Iceland is known as “The Land of Ice and Fire”, a small and some would say magical island with a long and proud history. It’s no surprise that it would feature a world renowned museum, but what’s unusual about the Phallological Museum is the fact that it is devoted solely to showcasing penis samples from 93 different animal species – including the 67 inch front tip of a blue whale penis and specimens supposedly belonging to mythical creatures like trolls and elves. It definitely offers a unique experience.

            7. Meguro Parasite Museum in Tokyo

            Many museums feature animal exhibits, showcasing everything from dinosaur bones and large stuffed land mammals to unusual insects, but rarely does a museum focus solely on parasites. The Meguro Parasite Museum takes humanities worst nightmares, lays them before you and provides plenty of information on each and every one. Their motto is “Try to think about parasites without a feeling of fear, and take the time to learn about their wonderful world of the parasites”, and there really is a lot to learn if you can get over the initial feeling of unease.

            Advertising

            8. The Iga Ninja Museum in Mie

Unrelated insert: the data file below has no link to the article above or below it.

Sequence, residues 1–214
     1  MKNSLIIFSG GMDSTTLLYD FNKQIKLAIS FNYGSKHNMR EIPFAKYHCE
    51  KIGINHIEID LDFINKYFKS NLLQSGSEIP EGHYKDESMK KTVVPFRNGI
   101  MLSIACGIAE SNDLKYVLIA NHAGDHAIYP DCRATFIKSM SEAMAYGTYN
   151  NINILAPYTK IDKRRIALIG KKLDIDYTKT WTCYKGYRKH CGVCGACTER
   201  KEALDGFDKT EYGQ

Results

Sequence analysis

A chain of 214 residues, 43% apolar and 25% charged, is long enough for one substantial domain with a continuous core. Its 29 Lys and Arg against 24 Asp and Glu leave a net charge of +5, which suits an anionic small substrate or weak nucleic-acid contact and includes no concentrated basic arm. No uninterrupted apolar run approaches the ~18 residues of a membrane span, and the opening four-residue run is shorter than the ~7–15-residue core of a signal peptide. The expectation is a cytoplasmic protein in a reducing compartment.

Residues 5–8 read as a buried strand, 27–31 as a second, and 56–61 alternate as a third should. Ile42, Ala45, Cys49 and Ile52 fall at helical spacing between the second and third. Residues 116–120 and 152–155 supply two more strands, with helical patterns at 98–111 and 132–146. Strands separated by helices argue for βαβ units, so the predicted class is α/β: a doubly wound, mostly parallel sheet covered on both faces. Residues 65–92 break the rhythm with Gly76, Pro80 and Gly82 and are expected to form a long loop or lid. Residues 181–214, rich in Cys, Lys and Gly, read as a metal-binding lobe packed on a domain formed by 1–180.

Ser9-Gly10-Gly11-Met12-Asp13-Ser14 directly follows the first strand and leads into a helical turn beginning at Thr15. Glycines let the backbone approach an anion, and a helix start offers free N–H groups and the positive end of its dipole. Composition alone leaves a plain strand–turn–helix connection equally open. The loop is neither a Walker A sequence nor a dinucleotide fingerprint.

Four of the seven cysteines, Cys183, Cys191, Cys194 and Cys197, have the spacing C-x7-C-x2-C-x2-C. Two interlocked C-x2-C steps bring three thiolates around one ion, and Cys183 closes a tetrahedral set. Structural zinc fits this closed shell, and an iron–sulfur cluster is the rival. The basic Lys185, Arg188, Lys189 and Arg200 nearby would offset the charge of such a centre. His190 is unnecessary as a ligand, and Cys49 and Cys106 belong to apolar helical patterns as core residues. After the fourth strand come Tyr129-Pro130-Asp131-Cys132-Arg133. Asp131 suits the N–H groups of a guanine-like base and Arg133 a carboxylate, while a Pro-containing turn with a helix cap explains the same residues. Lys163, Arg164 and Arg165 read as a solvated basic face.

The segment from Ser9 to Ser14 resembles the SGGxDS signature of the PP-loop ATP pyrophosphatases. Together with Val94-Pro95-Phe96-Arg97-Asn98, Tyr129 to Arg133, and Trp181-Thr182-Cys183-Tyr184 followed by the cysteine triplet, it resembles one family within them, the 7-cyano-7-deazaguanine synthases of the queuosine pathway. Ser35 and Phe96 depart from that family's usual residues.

Western pop culture has been in love with ninja’s since the 80’s and we have only grown fonder of them with time. If you find this topic intriguing or just want to learn more about the whole ninja phenomenon, then the Iga Ninja Museum is the right place for you. You can see the numerous weapons and tools used by these legendary warriors and enjoy a practical display of some of the traditional techniques and tactics. It is a lot of fun and very informative to boot, great for people of all ages.

            9. Bran Castle near Braşov in Transylvania

            The name might not sound familiar at first, but the geographical location kind of gives it away – yes, this is the castle of Vlad III, Prince of Wallachia a.k.a. Vlad the Impaler, a.k.a. Count Dracula from the Bram Stalker novel and world-famous horror character. Bran Castle is the only Transylvanian castle that perfectly fits Stokers description of the world’s most famous vampire’s castle and has thus been dubbed Dracula’s Castle. It has been turned into a museum which every horror fan is welcome to visit and explore.